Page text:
Prove that for any positive integer n, the following sum is a perfect square

Prove that for any positive integer n, the following sum is a perfect square:
$1+8+16+...+8n$.
I have tried to solve the problem by trying to find the equation that would give me the desired values, but since the values differ by so much with each increment on $n$, I think the expression would be exponential. However, all the equations I have tried stop working after some number $n$. What is the equation, prove it using induction, and how should I approach future problems like this asking me to find a term with an expression?

• when get we the number $1$ by $8n$? – Dr. Sonnhard Graubner Sep 16 '17 at 20:44
• it should be $0$ i believe? – K Split X Sep 16 '17 at 20:44
• Perhaps the $1$ is not part of the sequence. For example, perhaps the OP means the sum $$1+\sum_{k=1}^n 8k$$. – Franklin Pezzuti Dyer Sep 16 '17 at 20:45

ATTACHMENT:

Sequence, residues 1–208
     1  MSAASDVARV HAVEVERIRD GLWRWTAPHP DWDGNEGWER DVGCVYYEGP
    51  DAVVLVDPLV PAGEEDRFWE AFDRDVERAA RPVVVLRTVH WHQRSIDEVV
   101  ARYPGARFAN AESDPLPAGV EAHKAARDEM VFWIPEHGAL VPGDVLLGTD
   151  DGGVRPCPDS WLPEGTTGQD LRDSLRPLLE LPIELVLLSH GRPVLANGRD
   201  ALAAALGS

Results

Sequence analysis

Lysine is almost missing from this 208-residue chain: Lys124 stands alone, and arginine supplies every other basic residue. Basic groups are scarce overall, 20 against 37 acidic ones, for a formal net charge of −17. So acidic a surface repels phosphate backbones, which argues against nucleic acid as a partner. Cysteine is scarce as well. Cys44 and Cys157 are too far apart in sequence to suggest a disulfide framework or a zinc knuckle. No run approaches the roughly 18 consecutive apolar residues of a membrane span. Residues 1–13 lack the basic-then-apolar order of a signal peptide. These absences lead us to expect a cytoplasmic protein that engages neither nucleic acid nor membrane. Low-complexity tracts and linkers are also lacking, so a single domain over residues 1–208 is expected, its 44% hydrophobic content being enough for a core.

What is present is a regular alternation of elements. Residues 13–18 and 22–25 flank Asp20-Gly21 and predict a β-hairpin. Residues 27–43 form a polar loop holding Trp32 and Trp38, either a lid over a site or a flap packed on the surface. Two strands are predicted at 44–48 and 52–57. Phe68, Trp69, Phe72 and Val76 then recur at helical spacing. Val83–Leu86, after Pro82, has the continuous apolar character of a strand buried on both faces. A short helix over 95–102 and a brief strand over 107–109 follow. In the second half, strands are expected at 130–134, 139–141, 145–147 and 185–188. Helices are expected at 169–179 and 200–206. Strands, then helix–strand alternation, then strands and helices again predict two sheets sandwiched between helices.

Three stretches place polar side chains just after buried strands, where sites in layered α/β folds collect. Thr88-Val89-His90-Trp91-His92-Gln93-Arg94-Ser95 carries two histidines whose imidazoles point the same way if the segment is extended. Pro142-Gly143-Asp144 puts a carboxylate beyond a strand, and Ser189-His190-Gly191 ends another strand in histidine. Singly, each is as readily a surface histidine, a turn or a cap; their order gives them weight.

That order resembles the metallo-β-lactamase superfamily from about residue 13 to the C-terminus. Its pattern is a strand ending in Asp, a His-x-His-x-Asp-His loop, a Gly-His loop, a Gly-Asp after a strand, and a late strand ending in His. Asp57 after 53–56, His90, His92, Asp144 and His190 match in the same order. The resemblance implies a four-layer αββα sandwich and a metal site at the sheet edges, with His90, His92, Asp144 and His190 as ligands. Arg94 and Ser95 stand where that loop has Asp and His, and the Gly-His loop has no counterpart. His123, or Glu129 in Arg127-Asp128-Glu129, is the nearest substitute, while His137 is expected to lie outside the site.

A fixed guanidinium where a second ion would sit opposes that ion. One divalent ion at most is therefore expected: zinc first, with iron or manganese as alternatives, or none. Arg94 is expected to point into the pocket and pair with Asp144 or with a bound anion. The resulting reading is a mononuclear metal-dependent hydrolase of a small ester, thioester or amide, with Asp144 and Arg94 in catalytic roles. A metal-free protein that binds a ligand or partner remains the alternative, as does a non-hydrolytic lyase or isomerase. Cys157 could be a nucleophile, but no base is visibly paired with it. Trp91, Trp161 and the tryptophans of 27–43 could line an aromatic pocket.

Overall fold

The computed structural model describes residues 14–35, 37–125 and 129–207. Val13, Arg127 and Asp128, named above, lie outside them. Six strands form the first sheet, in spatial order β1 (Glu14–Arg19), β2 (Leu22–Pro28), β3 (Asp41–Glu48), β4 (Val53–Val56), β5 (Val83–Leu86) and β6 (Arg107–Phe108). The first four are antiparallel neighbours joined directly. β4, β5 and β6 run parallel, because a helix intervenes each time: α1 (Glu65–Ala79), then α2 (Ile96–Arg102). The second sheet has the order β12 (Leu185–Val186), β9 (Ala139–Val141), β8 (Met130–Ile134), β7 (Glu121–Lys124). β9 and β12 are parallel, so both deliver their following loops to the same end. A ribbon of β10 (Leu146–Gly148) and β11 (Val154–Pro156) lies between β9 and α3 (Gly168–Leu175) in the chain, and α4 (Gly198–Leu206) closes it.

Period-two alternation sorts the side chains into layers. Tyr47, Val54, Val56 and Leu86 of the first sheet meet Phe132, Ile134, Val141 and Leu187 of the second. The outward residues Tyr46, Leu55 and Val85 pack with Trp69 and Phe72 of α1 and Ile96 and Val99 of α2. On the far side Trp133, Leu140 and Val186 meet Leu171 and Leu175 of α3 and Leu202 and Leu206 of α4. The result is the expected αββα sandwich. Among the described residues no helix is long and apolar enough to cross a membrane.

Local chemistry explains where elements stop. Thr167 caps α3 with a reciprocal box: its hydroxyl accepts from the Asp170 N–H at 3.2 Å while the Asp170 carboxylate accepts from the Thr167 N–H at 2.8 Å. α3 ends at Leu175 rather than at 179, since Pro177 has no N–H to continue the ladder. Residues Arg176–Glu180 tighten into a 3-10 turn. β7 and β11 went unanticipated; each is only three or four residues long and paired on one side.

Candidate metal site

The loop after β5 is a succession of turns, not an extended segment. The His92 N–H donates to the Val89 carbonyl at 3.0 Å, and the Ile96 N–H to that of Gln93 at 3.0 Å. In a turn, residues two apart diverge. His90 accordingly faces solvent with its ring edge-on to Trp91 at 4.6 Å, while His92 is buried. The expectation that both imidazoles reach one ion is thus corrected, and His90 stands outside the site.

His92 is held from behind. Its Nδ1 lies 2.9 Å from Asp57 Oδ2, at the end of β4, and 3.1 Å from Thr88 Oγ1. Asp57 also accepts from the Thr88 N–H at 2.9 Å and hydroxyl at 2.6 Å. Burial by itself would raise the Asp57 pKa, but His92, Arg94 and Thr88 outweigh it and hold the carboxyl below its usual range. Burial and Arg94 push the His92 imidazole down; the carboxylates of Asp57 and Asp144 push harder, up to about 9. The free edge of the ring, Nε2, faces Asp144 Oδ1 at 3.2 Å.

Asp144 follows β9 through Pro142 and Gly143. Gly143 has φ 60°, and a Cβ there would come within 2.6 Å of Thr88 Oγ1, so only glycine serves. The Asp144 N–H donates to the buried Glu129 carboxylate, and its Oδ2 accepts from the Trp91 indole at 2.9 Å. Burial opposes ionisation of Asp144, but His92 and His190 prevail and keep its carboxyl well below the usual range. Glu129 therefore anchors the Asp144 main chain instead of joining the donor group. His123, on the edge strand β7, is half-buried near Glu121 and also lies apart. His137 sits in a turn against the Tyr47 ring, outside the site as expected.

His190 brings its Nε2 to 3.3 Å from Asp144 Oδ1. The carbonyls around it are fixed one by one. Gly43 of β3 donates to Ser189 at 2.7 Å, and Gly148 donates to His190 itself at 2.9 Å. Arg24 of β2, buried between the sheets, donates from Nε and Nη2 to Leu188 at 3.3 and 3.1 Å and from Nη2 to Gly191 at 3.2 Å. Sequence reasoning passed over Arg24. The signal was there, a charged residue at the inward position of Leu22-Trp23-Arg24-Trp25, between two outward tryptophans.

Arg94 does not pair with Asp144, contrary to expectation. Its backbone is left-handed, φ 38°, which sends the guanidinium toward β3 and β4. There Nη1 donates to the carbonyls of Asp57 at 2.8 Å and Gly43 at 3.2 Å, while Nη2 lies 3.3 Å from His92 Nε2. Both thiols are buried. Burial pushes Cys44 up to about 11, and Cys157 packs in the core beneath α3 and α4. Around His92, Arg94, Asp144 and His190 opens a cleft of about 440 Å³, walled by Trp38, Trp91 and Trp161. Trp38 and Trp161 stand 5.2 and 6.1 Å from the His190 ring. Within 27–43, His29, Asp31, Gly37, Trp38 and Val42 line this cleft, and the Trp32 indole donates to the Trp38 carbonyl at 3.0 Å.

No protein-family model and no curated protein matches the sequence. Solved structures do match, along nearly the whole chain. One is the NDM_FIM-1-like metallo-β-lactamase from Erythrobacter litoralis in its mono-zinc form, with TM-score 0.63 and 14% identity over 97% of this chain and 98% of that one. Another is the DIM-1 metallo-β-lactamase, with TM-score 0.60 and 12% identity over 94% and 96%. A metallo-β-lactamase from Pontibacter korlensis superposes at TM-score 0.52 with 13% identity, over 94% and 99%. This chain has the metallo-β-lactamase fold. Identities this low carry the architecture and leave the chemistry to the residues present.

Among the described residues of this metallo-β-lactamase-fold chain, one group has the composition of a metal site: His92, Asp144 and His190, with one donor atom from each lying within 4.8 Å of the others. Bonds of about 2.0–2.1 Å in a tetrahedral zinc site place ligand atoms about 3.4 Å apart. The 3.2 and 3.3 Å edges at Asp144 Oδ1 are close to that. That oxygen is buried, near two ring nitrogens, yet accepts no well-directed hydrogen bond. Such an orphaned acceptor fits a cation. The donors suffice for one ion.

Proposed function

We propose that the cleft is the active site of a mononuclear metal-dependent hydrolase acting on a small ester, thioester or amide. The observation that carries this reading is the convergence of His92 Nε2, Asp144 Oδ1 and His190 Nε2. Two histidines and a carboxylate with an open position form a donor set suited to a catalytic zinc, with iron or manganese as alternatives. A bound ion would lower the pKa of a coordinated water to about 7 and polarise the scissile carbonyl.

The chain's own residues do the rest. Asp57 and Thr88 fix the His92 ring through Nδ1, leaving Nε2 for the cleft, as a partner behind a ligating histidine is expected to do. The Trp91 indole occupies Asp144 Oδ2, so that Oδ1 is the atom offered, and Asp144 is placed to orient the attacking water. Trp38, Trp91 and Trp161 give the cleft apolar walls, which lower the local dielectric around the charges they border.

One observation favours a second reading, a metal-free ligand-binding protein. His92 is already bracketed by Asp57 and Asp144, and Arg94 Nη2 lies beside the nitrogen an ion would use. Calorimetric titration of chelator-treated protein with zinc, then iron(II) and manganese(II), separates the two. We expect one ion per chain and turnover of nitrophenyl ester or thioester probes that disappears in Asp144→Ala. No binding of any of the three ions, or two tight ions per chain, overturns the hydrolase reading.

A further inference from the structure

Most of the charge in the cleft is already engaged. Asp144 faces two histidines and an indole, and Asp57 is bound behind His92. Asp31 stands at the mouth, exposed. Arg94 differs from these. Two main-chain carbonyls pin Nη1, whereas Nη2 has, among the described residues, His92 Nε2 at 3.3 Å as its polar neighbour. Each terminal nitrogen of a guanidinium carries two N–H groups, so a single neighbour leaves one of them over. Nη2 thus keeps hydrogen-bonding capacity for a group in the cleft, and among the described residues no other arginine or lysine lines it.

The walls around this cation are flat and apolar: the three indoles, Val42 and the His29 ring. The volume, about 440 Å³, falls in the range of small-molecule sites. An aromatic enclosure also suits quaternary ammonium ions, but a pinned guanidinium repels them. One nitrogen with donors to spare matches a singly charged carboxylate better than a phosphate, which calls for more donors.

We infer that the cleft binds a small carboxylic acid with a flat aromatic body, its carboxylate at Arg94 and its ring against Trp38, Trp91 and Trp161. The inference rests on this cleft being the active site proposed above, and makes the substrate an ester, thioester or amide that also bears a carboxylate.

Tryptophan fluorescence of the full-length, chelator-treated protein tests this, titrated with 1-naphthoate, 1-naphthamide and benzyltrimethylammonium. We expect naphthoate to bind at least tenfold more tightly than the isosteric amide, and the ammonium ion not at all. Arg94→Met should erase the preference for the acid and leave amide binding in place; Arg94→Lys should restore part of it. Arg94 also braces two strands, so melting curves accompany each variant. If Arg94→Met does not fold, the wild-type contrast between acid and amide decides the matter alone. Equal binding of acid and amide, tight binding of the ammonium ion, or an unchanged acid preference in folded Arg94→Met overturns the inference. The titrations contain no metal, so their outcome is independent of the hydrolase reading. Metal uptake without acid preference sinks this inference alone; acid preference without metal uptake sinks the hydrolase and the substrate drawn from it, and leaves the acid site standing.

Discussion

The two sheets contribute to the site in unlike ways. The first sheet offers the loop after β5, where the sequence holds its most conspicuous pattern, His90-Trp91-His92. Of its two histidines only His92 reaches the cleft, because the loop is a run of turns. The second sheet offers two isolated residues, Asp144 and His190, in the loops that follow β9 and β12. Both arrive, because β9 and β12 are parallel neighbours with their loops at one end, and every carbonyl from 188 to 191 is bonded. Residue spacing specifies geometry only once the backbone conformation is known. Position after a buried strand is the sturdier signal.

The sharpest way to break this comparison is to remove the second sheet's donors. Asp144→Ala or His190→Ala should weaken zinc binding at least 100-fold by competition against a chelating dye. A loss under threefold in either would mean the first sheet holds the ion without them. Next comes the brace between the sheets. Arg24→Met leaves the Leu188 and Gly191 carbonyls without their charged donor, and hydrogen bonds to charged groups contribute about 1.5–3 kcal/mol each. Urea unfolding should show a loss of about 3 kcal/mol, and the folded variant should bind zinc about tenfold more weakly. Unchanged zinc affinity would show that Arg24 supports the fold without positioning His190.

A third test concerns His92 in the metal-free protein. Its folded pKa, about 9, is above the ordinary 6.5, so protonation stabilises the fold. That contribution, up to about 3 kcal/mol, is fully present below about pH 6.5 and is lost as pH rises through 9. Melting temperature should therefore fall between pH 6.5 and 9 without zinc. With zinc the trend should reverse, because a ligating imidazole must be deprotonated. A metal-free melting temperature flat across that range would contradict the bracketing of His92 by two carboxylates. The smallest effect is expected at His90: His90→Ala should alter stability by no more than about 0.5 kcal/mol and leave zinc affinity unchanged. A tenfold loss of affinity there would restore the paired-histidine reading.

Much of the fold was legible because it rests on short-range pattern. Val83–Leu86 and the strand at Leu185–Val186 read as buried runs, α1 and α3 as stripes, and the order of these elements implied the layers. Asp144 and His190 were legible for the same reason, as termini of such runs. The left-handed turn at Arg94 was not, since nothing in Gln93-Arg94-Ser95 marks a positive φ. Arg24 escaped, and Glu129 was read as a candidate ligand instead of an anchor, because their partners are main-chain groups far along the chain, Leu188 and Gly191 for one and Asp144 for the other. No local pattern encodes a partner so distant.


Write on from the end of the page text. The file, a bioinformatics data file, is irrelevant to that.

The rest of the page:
• We define $0$ as a perfect square too, no? – K Split X Sep 16 '17 at 20:45
• @Nilknarf that makes a lot of sense actually – George Coote Sep 16 '17 at 20:45

You are saying that the value of the sum $$1+\sum_{k=1}^n 8k$$ is always a perfect square. However, since $$\sum_{k=1}^n k=\frac{n(n+1)}{2}$$ we have $$1+\sum_{k=1}^n 8k=1+8\sum_{k=1}^n k$$ $$1+\sum_{k=1}^n 8k=1+\frac{8n(n+1)}{2}$$ $$1+\sum_{k=1}^n 8k=1+4n(n+1)$$ $$1+\sum_{k=1}^n 8k=1+4n^2+4n$$ $$1+\sum_{k=1}^n 8k=(2n+1)^2$$ and so it always has the value $(2n+1)^2$, which is obviously a perfect square.
Hint: $$\sum_{i=1}^n i = \frac {n(n+1)} 2$$
$$1 + \sum_{i=1}^n 8i$$
you will get $$1+\sum_{k=1}^n8k=1+4n(n+1)$$, can you prove that this is a complete square?